“We’ve never been in a situation where our incumbent governors have faced primaries. Even at the height of the tea party primaries, where the House and Senate guys were being primaried, governors really never had that experience because you only run for reelection one time,” said an RGA strategist, who asked for anonymity to speak candidly. “Obviously, we’ve got different situations this year. And so we’re going to be — where appropriate, where necessary — financially supporting our incumbent governors in the primaries. That’s something we’re new to.”

The grain of truth in Perdue’s announcement video is that he *might* be better positioned to unite the party as its nominee for governor than Kemp is. It’s a cinch that some hardcore Trumpists will boycott the general election if Kemp wins the primary. It’s not as clear that Kemp loyalists will be so offended by Perdue’s Trump-backed attempt to oust him that they’ll boycott if Perdue wins the nomination. Either way, though, the specter of Abrams winning the state will create tremendous pressure on Republicans to unify before next November. Running Kemp against a generic Democrat might be risky for the GOP in that it would make anti-Kemp populists more comfortable sitting out the race. They won’t be as comfortable staying home if it’s Abrams who stands to benefit.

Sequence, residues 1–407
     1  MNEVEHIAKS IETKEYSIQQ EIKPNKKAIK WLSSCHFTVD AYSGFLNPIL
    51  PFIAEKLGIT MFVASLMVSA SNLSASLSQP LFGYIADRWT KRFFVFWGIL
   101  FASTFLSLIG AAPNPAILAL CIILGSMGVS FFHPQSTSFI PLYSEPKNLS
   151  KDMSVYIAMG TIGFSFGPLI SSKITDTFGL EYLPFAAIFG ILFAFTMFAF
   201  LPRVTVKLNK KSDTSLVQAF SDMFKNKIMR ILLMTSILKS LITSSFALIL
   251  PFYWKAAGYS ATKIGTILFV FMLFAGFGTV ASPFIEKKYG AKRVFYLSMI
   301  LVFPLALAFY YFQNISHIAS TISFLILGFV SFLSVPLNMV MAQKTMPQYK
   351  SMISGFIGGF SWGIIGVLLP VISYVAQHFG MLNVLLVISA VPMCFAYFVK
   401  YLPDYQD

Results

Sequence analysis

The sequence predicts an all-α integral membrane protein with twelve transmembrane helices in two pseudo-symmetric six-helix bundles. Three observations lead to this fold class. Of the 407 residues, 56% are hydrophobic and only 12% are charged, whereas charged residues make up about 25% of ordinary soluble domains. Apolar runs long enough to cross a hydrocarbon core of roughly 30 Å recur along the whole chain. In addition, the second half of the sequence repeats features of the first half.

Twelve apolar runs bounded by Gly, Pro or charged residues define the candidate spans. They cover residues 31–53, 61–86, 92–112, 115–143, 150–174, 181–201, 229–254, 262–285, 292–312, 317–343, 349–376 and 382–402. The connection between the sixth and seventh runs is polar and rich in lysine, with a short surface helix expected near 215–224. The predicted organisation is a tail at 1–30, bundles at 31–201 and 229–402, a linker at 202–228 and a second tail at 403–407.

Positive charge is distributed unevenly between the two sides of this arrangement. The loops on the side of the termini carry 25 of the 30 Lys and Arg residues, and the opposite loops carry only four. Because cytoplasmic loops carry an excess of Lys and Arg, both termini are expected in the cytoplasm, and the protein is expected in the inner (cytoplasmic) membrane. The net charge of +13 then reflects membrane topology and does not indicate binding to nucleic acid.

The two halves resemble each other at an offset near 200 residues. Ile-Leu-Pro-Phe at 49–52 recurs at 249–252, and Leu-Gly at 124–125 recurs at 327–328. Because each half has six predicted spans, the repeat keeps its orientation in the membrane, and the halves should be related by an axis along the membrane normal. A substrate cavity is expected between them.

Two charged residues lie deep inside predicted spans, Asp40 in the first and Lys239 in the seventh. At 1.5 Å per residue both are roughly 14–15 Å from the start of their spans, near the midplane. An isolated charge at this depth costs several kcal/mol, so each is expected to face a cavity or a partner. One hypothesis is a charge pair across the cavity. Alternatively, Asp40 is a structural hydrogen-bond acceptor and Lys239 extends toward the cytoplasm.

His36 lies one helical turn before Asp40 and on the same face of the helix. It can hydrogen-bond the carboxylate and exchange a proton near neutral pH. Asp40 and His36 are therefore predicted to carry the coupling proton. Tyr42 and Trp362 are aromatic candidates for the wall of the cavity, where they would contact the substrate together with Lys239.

Which is lucky for Trump. I repeat what I said last week, that he has a lot on the line in Georgia next year. There are no less than three races where things could go badly for him. Perdue might lose to Kemp; Perdue might beat Kemp but lose to Abrams; and Herschel Walker might lose to Raphael Warnock. Trump will bear significant blame for any of those outcomes and having his candidates go down will call his strength in Georgia into question. Losing to Biden in 2020 might be dismissed as a fluke but if his candidates can’t beat Kemp, Abrams, and Warnock it’ll be taken as further evidence that he’s not the strongest hand Republicans can play in purple states when choosing a presidential nominee in 2024.